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About Rachel Siewert

01 Jan 2012

Senator Rachel Siewert is a dynamic member of the Australian Greens parliamentary team, working hard for people at home in WA, and across the country.

Rachel is the Australian Greens Whip and is chair of the Senate Community Affairs References Committee, which has undertaken a number of significant inquiries into issues such as past adoption practices, former child migrants, hearing health and suicide prevention. Rachel is also a member of joint parliamentary committees on Constitutional Recognition of Aboriginal and Torres Strait Islander Peoples and the National Disability Insurance Scheme.

Rachel is the Australian Greens spokesperson on family and community services, ageing, disabilities, Aboriginal and Torres Strait Islander issues, agriculture and rural affairs and the marine environment.

Rachel was first elected as a Senator for Western Australia at the 2004 election and commenced her term in July 2005. She was re-elected during the 2010 election. 

 

 

Rachel's Photos

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Rachel Siewert and American oceanographer Sylvia Earle
Bob & Rach at Burrup
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For the transcript of Rachel's first speech, click here.

Upon entering Parliament, Rachel quickly gained a reputation as an assertive and hardworking Senator on key issues, including opposing the NT Intervention and speaking out against the Howard Government’s welfare to work reforms. In 2009, Rachel was one of the first people to witness the Montara oil spill off WA’s north west coast, and led calls for a full inquiry into the disaster.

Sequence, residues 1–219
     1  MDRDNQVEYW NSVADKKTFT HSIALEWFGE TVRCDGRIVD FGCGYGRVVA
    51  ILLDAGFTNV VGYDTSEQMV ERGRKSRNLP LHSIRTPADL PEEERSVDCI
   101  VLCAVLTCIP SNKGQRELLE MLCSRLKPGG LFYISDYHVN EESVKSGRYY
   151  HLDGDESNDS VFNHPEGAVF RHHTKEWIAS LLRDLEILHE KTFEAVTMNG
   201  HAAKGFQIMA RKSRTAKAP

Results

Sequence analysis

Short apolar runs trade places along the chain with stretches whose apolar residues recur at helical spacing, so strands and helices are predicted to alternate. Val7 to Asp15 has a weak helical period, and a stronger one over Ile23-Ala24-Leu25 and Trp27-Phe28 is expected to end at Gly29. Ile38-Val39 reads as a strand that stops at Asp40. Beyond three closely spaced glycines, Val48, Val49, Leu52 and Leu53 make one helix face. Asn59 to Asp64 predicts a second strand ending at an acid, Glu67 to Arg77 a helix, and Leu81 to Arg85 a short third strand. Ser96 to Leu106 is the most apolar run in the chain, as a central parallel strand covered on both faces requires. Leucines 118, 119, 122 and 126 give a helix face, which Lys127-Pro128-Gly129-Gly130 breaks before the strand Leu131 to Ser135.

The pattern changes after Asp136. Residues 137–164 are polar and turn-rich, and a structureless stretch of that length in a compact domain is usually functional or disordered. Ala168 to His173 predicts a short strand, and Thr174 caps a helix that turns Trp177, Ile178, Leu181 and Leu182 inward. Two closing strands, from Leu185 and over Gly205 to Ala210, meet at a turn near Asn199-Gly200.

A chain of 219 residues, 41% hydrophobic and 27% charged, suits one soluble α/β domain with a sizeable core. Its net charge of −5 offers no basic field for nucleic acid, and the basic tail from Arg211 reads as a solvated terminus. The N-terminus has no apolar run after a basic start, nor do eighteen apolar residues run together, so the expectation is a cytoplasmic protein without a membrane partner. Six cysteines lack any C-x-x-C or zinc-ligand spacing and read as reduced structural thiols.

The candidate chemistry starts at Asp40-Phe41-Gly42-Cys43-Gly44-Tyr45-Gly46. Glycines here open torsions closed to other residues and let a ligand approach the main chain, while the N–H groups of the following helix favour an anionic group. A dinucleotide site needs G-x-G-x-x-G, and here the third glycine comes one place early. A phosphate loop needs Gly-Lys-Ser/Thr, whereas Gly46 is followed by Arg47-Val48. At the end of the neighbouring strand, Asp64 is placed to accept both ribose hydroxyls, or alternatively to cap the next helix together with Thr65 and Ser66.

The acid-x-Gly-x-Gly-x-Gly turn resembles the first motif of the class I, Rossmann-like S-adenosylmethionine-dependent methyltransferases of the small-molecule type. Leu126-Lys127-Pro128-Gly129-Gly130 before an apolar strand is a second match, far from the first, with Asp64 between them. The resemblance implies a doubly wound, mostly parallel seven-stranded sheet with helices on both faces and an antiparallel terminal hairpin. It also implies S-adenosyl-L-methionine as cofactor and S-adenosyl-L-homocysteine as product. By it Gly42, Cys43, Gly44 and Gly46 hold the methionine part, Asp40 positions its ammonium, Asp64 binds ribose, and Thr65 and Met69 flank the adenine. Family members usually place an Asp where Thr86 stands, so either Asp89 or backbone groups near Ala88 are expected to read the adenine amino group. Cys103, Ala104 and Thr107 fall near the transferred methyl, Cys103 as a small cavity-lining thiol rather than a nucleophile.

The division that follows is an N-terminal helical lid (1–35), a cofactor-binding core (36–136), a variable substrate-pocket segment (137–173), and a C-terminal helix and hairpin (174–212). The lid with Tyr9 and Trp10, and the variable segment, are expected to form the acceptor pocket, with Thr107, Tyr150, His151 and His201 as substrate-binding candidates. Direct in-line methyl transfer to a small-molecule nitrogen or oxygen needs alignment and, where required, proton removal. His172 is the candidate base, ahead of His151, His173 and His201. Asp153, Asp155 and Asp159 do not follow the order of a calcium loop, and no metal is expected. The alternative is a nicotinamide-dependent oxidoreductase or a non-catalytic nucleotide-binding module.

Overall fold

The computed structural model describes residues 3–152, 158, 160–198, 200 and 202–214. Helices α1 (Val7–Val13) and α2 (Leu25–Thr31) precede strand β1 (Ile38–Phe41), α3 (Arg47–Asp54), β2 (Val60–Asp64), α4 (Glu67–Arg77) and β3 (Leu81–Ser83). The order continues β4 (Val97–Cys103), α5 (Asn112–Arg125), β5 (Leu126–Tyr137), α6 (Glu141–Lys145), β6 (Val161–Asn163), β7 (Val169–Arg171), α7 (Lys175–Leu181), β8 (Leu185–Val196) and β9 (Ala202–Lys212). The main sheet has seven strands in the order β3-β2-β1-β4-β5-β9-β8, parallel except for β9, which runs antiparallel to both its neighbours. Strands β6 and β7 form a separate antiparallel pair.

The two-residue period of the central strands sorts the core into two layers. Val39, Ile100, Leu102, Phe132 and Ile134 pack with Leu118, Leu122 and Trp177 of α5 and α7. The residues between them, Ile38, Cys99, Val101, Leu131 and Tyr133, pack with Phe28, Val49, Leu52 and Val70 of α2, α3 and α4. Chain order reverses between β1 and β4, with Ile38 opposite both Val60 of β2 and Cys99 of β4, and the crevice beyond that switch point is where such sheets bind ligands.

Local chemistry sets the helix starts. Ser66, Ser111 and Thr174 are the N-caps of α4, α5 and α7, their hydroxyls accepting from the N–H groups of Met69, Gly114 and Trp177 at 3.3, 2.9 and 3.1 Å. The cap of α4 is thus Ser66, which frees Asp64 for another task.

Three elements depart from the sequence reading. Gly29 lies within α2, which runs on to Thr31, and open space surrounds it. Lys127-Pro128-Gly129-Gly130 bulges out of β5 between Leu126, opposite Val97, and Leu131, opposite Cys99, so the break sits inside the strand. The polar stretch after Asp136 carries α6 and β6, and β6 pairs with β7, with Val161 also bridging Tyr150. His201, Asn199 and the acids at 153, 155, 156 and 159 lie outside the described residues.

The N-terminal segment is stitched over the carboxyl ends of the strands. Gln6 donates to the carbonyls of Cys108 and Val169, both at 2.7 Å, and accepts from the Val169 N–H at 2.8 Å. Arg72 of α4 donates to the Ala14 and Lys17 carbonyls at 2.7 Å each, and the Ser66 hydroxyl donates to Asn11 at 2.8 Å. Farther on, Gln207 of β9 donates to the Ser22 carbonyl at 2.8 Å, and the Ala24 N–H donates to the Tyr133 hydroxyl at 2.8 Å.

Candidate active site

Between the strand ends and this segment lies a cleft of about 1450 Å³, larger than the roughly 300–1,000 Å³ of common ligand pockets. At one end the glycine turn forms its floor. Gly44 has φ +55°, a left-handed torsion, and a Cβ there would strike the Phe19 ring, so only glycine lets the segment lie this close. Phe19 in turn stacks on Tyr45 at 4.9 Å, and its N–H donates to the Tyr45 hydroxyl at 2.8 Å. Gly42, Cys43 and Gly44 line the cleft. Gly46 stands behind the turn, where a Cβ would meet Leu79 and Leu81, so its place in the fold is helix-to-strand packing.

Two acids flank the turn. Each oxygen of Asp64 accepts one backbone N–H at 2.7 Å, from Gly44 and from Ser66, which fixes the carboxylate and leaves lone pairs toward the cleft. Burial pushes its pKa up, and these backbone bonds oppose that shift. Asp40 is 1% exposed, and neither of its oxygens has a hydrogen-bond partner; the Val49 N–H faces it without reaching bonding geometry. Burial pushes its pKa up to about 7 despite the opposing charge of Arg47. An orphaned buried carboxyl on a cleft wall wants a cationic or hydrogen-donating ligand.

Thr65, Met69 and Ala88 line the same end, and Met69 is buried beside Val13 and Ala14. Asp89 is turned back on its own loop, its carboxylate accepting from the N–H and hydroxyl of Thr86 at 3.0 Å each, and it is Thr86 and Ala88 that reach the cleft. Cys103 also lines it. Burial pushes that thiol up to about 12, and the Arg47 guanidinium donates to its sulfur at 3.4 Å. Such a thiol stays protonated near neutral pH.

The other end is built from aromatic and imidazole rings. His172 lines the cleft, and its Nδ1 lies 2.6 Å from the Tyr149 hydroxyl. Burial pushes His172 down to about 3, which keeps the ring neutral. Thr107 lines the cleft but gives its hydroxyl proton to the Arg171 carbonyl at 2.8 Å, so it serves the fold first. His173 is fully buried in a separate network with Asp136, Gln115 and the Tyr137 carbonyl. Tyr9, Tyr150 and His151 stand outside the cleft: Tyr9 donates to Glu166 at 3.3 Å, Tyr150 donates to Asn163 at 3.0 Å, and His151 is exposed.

As one of 11 Greens MPs in Parliament, Rachel has a strong track record when it comes to debates, committee inquiries, community campaigns and effective negotiations across the chamber. Rachel also continues to have highly productive working relationships with non-government organisations across many sectors throughout Australia, providing a critical link between Parliament and our communities.

Coming from an agricultural science background, prior to entering the Senate, Rachel spent sixteen years as the Coordinator of the Conservation Council of Western Australia and received the Bessie Rischbieth Conservation Award 2003. 

In addition to her work in Perth and Canberra, Rachel regularly visits regional and remote communities to discuss critical social, agricultural and environmental issues.  

Rachel is currently working to protect the rights of all Australians to have a social safety net; to Close the Gap in health and life expectancy for Aboriginal and Torres Strait Islander people; to protect our oceans and farmers from the increasing threat of climate change and to ensure we have the disability, aged care and community services Australia will need in the future.